"MEPA's strategy flawed" - Malta Developers Association

The Malta Developers’ Association believes the planning authority’s Strategic Plan for Environment and Development is flawed as it is not based on “hard facts”.
The paper refers to the serious issue of vacant properties as a guess estimate
Submitting its feedback on the proposed plan (SPED), the association said this should have been finalised for consultation after the national census results were made public.
It said launching the strategic plan before the results of the census was contradictory.
“One cannot define proper objectives as the draft document sets out to do without first scrutinising the current situation,” the MDA said.
“The examination of the current situation is therefore flawed as it is not based on hard facts because these are not yet in hand.”
Martin Scicluna, director general of The Today Public Policy Institute, called the plan flawed in his Talking Point in The Times on Tuesday.
The SPED proposals had one major deficiency in that they took scant account of Malta’s abysmal planning history of the past five decades.
If it were to inject reality into the future planning system, the draft had to be radically amended, he said.
The developers criticised the short time window allotted for feedback and finalisation of the document. Such an important document merited more discussion, they said.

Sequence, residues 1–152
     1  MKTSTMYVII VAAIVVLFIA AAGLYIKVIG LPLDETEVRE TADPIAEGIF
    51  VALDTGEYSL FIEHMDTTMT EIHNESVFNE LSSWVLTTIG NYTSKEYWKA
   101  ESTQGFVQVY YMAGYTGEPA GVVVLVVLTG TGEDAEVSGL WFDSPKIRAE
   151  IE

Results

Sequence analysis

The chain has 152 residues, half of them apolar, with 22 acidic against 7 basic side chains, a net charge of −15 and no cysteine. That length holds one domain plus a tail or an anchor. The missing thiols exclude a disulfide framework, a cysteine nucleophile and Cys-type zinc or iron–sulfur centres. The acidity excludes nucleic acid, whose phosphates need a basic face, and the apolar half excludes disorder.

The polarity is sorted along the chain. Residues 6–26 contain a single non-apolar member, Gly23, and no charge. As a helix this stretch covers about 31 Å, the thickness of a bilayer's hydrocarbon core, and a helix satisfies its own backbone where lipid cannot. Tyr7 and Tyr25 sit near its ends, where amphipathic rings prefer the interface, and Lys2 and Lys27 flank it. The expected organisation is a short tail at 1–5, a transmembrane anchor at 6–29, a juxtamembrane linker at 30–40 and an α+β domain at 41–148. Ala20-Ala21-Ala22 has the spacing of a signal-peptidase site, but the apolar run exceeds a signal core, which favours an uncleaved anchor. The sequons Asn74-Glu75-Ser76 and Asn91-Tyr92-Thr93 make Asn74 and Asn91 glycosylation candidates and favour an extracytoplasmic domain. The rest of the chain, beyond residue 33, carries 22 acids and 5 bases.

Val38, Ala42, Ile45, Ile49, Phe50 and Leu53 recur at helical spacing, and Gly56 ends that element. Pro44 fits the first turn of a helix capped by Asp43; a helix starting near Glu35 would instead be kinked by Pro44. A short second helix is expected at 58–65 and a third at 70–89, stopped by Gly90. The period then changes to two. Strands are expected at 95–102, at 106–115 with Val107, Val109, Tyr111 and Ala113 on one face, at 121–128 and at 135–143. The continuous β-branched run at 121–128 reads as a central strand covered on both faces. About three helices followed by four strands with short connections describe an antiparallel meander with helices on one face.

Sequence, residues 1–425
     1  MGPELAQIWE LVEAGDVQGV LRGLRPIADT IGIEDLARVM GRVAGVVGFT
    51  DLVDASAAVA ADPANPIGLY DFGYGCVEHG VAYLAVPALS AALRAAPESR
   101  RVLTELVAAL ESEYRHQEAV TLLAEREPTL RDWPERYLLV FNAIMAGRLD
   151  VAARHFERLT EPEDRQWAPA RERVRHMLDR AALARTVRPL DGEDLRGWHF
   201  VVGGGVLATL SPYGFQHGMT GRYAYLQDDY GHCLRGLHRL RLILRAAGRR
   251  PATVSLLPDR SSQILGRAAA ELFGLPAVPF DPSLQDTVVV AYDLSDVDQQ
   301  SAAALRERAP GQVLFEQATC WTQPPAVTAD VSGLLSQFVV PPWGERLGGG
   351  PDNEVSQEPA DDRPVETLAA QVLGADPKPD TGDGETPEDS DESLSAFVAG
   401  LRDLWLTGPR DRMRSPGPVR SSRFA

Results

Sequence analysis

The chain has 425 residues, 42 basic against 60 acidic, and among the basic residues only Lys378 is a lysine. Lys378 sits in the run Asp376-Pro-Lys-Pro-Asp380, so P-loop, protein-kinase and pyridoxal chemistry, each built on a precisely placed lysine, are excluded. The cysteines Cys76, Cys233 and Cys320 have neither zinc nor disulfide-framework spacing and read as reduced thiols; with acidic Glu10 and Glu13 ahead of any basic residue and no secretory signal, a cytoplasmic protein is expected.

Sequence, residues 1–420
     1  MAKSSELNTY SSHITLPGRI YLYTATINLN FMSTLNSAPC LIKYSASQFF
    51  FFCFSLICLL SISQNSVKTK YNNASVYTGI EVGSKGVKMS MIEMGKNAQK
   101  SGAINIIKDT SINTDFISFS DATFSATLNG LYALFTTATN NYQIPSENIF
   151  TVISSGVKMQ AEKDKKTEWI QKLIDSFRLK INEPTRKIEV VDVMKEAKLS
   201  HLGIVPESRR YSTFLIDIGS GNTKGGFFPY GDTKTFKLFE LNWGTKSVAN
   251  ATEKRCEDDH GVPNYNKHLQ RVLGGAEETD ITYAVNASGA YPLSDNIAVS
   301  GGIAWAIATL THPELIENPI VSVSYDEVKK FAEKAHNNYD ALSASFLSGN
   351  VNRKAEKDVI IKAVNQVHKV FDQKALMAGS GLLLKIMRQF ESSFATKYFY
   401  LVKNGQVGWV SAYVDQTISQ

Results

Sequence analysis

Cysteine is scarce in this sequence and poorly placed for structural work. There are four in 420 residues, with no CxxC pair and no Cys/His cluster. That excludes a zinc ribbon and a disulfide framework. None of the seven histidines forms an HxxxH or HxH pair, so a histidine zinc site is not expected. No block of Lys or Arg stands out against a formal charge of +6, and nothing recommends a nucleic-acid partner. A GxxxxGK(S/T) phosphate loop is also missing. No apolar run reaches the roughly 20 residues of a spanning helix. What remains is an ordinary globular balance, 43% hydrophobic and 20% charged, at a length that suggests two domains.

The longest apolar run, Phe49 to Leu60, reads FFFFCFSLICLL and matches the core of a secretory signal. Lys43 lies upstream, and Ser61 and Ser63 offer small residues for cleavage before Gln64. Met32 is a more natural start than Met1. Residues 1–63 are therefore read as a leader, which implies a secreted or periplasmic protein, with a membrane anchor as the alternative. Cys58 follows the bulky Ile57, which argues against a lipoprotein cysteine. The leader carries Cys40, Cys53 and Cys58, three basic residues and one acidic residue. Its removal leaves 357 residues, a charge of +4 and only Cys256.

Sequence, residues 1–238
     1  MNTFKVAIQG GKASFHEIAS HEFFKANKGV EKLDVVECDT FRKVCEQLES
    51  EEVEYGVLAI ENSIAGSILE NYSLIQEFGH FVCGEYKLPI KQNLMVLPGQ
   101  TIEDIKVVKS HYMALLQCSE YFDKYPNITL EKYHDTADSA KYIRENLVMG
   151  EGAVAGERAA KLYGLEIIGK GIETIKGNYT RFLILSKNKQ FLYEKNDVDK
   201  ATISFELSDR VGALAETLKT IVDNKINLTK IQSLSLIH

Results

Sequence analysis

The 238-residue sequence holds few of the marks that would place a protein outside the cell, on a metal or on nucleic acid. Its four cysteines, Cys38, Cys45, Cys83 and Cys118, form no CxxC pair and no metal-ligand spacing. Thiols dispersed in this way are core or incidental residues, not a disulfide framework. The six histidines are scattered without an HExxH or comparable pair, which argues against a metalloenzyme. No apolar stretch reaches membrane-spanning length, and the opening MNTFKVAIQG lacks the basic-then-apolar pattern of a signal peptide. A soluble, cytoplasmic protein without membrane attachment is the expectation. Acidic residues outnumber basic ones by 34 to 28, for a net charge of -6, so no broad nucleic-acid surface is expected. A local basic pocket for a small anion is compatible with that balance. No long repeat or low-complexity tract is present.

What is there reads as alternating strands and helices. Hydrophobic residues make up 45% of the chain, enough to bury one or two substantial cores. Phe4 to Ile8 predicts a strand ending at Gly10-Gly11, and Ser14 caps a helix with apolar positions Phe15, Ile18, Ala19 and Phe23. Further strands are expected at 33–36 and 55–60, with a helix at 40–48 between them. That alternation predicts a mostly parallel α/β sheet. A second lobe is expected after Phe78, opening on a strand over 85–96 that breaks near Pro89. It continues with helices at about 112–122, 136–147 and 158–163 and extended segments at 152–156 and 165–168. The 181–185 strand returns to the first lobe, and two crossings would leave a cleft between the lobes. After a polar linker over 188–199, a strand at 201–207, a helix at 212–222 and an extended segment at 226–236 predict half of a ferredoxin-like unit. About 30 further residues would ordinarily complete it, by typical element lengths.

The association said that the issue of vacant properties was one of the more serious issues that the document referred to a “guess estimate”.
The actual property situation and the demand and supply equation needed scientifically researching before setting out planning objectives in this area, it added. “Anything else is just guesswork.”
It said Malta Environment and Planning Authority did not solve problems resulting from the published, approved local plans and kept refusing development permits.
“Hurrying SPED to solve this problem will lead to more mistakes and the local plans issues should be tackled as a priority,” the association said.
It said the draft SPED objectives failed to highlight Gozo’s shrinking economy and effective resident population.
There was no mention of a permanent link between the islands, even though the Cabinet that approved the document had also approved using EU funds for studies about it.


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